@vortex_egg Did Weiner address privacy/surveillance?
Fascism and Catholocism, I know he did.
Mumford's on my Very Copious List.
@dredmorbius It's been years since I read it... it might have addressed automation more specifically that surveillance. Let me check.
@dredmorbius In a way, it could be argued that automation, fascism, and surveillance all roll up in to the same set, which I believe is what Mumford refers to as the megamachine.
To be fair, I haven't read Mumford yet either; but my partner read it at the same time I was reading Zuboff's book on surveillance capitalism and we talked a lot about the similarities.
@dredmorbius No, you are right. Just paged through Human Use of Human Beings and God & Golem, Inc, and it seems like Wiener's primary target of concern for potential societal harm is that of learning machines and automation.
While that is tangentially related to the present-day manifestation of panopticon, he doesn't treat on the topic.
@vortex_egg Yeah, no mention of privacy, propaganda, surveillance, or advertising in the index.
Final chapter remains good.
@dredmorbius It's interesting to think about though... I wonder if Wiener and the other early cyberneticists were clued into and thinking about those topics in any way, or if they had enough other things on their minds.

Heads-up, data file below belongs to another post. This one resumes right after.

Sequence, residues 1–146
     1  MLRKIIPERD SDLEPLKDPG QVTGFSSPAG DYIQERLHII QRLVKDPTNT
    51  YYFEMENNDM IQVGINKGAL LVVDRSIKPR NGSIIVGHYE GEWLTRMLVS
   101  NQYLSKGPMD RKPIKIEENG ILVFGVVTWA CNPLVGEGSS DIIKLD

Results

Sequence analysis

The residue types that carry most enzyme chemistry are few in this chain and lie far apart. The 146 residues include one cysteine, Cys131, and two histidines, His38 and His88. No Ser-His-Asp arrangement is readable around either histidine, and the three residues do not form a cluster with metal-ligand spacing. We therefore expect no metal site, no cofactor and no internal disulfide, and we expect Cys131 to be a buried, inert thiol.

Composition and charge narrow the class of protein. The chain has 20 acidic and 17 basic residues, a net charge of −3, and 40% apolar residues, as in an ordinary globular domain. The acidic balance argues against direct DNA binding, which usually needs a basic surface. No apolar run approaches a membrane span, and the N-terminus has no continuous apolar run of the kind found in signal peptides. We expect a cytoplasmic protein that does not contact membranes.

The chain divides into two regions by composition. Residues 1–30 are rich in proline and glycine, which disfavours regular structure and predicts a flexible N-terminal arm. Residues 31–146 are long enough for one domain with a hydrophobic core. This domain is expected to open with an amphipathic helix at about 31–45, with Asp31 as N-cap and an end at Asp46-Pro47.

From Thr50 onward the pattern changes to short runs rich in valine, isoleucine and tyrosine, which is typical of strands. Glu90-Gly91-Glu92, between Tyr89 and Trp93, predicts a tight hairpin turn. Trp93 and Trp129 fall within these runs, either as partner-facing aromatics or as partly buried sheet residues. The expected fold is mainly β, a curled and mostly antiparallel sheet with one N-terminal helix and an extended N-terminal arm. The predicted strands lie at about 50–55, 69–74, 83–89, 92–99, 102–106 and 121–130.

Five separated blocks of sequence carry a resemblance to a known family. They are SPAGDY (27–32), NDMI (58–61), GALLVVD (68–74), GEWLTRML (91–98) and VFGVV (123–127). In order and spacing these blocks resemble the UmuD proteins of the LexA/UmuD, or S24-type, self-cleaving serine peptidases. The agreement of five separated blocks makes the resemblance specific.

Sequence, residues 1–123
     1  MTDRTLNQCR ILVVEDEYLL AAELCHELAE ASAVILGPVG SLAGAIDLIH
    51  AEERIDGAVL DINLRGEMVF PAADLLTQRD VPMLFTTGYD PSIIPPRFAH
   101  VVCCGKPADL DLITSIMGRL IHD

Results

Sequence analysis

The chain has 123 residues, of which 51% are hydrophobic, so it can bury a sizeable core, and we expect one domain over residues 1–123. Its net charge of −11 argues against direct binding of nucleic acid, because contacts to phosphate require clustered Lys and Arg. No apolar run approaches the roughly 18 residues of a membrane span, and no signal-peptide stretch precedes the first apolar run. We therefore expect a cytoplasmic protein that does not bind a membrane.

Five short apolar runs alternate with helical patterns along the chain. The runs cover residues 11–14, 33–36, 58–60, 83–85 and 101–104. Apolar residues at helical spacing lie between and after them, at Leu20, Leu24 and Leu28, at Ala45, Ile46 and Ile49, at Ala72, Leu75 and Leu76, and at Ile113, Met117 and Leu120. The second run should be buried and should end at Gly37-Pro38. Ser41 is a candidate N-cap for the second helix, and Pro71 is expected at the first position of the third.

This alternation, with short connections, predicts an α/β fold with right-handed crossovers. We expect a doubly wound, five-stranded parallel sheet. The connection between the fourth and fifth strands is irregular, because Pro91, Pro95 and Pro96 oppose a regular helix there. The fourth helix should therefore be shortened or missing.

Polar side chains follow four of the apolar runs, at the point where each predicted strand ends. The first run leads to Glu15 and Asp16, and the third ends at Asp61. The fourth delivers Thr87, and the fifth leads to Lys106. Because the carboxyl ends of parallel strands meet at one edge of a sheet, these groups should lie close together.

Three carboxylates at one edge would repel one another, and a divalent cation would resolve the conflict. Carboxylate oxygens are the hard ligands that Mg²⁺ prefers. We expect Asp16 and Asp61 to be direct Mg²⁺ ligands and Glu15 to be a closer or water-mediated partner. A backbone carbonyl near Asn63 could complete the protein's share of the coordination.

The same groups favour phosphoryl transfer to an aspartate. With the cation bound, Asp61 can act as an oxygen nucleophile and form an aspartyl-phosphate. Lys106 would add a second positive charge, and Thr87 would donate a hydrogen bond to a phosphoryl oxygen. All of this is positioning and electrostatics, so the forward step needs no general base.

Edward Bernays' work to wage "psychological warfare on behalf of corporations" against the American public, in the form of the newly created field of public relations, was public knowledge from the 20s with the publication of Bernays' books "Crystallizing Public Opinion" (1923) and "Propaganda" (1928).
@dredmorbius Bateson and Mead maybe?
@vortex_egg Them, Arendt, the Frankfurt School, George Seldes (and I.F. Stone after him). Possibly John Dewey and Walter Lippman. There's another set of mid-century sociologists, give me a minute.
Vance Packard, The Hidden Persuaders, popularly.
And later, Edward Herman, Noam Chomsky, Robert W. McChesney. Possibly Charles Perrow.
At least tangentially: Marshall McLuhan & Elizabeth Eisenstein.
Not directly addressing this, but medhia generally:
Media, Advertising, Sustainability, Externalities, and Impacts: A light reading list